Here at MTI, home of the AutoFry ventless fryer, frying is in our blood. We eat, sleep, and breathe fried foods and because of that, we’re pretty well versed in the BEST and WORST frying practices. After over 20 years of ventless frying, we’ve seen or heard it all! The good, the bad, and the ugly! So today we give you our do’s and don’ts for frying practices --- and while our expertise is in ventless frying, these rules can be applied to all styles of fryers.
Not all oils are cut from the same cloth. Each oil has its own unique flavor profile and set smoke point, which can really effect the output of your fried foods. Smoke points are the temperature at which oil begins to break down. The higher it is, theoretically the longer your oil will last.
Flavor profiles are also really important to consider when choosing oil, as they can completely change the taste of a menu item – soybean, for example has a very high flavor transfer on foods. And while canola oil has much less flavor transfer, it has a very strong smell while frying. All of these things add up to make for a very important decision, so think it all over thoroughly. To learn more on each oil’s characteristics and make a thoughtful decision for yourself, check out our Fryer Oil 101 blog, found here.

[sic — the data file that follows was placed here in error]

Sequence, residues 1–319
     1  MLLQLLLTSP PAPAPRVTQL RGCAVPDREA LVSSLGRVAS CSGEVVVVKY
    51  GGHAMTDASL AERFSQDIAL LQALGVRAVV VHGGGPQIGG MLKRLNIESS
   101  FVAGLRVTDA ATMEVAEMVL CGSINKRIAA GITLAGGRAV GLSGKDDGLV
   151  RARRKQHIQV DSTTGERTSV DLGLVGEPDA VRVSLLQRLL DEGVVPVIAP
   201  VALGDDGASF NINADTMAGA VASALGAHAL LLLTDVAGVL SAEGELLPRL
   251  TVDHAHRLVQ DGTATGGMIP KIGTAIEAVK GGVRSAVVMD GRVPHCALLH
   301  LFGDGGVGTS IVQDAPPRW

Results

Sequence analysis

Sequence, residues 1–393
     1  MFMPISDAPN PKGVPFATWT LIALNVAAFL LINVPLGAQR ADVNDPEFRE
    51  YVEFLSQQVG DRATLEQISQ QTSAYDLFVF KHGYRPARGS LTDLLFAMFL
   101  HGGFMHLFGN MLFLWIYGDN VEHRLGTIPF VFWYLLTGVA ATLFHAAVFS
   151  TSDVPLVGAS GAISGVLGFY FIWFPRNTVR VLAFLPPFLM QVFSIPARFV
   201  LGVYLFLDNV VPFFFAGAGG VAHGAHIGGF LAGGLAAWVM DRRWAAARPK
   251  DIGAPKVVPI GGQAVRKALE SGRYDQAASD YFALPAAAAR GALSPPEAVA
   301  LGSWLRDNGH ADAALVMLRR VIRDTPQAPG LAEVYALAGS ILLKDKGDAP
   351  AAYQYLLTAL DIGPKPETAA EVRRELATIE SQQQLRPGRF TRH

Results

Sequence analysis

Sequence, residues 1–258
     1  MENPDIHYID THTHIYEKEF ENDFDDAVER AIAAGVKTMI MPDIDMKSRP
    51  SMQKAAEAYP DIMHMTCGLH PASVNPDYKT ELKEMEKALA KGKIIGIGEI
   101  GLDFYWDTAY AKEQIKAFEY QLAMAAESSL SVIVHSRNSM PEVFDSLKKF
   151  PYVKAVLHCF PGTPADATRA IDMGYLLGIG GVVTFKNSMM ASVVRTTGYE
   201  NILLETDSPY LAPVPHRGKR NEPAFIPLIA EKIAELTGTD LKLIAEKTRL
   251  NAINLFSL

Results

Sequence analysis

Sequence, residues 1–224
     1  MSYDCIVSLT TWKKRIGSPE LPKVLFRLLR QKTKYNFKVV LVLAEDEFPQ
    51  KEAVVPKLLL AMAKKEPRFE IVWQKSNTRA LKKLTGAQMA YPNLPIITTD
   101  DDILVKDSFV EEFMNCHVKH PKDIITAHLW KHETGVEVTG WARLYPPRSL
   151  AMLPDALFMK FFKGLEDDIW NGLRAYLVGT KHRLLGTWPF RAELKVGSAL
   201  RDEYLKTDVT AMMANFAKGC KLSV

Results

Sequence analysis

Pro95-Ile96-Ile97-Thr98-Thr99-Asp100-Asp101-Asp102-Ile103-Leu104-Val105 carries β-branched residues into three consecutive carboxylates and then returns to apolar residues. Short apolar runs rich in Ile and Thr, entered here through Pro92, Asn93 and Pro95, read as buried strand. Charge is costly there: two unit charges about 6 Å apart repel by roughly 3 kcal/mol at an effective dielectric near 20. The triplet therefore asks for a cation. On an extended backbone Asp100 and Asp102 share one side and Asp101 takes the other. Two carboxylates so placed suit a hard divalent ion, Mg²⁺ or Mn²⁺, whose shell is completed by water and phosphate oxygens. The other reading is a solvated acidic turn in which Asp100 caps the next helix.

Presumably your kitchen will have some slow periods throughout the day where you’re not doing much frying, if any at all. Don’t keep your oil set to cooking temperature during those periods of downtime. If you have an AutoFry, there is a standby button on every machine that can be used to turn the heating element off and cool oil to 300 degrees. This is still warm enough so that heating the oil back up to cooking temperature will be quick and easy, but also cool enough that you’re able to extend oil life. For a traditional open fryer, you can manually set your oil to a lower temperature as well, and we recommend 300 degrees as a happy medium.
This one may seem like a no brainer, but frozen foods make the perfect deep frying vessel. Most frozen products, like French fries, are blanched prior to being frozen, which lowers cook times. This means you’ll have food cooked in top speed! Additionally this leads to a twice-fried style of frying – for fries, this would be Belgian style fries – super crispy on the outside, nice, warm and soft on the outside.
We recommend frying frozen when possible, but it’s imperative that you shake off any large or excessive ice buildup off of the frozen product prior to putting it in the hot oil. If you load the food in while it is covered in ice, you’ll find yourself with a huge mess on your hands – and quite literally, if you’re using an open fryer it could result in burnt hands.
What happens when that ice hits the hot oil? It has no choice but to rapidly expand, causing an explosion of hot grease and water. In an enclosed fryer like AutoFry, you’re not going to get burnt by this action, but you could find you oil pot boiling over and making a huge mess of things. If you’re using an open fryer, the situation is a bit more dangerous, so take caution and make sure to get any excess ice off, prior to frying.